Character Analysis Stephen Kumalo


Stephen Kumalo changes drastically during the course of the novel. He gains a great awareness of many facets of life by going on a journey to Johannesburg. Before this journey, he was a country priest who was a good man but who had no understanding of the wider world. He respected the tribal ways but had no understanding of why the tribe was breaking down and why the young people were leaving for the cities. Throughout the novel, from beginning to end, he is humble, pious, and sensitive. At all times he is very sensitive to any hurt that he might cause others and is aware of the feelings of people. Even in the first pages of the novel, he knows that he hurts his wife.

He is essentially a humble person, but several times during the novel his feelings of anger get the best of him and he intentionally tries to hurt some other person. After each outburst, he is deeply sorry for his anger and makes reparations in some manner.

Kumalo is the suffering hero; that is, before he can come to a complete awareness of life, he must undergo intense suffering. Only at the end of the novel does he come to understand the meaning of that suffering — that through suffering a person is made more aware of all aspects of life and can better sympathize with others.

His name, Stephen, refers to the Christian saint who first underwent martyrdom through suffering. Stephen's suffering is seen partially in the fact that he wants to restore the family and the tribal system. But through the course of the novel, he comes to an awareness that the tribal system can never be restored, and he fails in his attempts to restore his own family. Through these failures and the suffering caused by them, he matures into a man who has a larger appreciation for the trials that others must undergo.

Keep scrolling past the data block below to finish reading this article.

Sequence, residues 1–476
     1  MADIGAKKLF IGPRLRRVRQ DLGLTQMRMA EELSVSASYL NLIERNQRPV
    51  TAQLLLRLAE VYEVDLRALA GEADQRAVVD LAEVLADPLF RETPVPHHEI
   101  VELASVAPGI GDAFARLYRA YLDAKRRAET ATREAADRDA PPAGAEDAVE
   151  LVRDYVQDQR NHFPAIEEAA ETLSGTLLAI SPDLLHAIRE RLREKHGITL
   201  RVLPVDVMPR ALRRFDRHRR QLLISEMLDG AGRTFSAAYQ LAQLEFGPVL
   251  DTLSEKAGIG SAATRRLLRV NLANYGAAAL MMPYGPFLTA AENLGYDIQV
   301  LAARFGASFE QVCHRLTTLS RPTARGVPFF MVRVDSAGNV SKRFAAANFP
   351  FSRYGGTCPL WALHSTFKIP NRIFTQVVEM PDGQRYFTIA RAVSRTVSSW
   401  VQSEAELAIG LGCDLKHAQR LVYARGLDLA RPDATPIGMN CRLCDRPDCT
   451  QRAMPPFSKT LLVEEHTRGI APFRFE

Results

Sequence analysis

If Kumalo has been a failure in his attempt to restore (reconstruct) his own family, he does not give up. Instead, he turns for hope to the younger people, that is, his son's wife and her child and Gertrude's young son. Furthermore, upon his return from the city, he no longer relies upon the chief's word but knows that if things are to be accomplished he must find some other method than relying upon the older traditions connected with the tribal chief. He then begins to work for a better Africa and devotes his energies to a larger problem than that of restoring his own personal family.

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